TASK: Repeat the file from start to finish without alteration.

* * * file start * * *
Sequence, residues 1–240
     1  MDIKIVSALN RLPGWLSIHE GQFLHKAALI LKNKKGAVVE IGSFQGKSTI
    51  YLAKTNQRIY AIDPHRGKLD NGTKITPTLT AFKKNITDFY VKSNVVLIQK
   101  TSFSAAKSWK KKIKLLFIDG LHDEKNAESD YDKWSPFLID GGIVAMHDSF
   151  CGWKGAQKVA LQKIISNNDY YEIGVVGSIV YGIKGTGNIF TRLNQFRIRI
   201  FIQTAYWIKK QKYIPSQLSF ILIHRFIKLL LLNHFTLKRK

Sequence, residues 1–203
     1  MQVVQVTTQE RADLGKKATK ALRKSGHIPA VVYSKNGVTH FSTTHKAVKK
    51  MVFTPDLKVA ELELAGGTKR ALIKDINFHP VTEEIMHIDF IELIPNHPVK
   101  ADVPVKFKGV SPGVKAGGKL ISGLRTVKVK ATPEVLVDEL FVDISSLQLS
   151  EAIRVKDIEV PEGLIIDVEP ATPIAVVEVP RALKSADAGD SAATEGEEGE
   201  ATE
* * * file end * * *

Sequence, residues 1–240
     1  MDIKIVSALN RLPGWLSIHE GQFLHKAALI LKNKKGAVVE IGSFQGKSTI
    51  YLAKTNQRIY AIDPHRGKLD NGTKITPTLT AFKKNITDFY VKSNVVLIQK
   101  TSFSAAKSWK KKIKLLFIDG LHDEKNAESD YDKWSPFLID GGIVAMHDSF
   151  CGWKGAQKVA LQKIISNNDY YEIGVVGSIV YGIKGTGNIF TRLNQFRIRI
   201  FIQTAYWIKK QKYIPSQLSF ILIHRFIKLL LLNHFTLKRK

Sequence, residues 1–203
     1  MQVVQVTTQE RADLGKKATK ALRKSGHIPA VVYSKNGVTH FSTTHKAVKK
    51  MVFTPDLKVA ELELAGGTKR ALIKDINFHP VTEEIMHIDF IELIPNHPVK
   101  ADVPVKFKGV SPGVKAGGKL ISGLRTVKVK ATPEVLVDEL FVDISSLQLS
   151  EAIRVKDIEV PEGLIIDVEP ATPIAVVEVP RALKSADAGD SAATEGEEGE
   201  ATE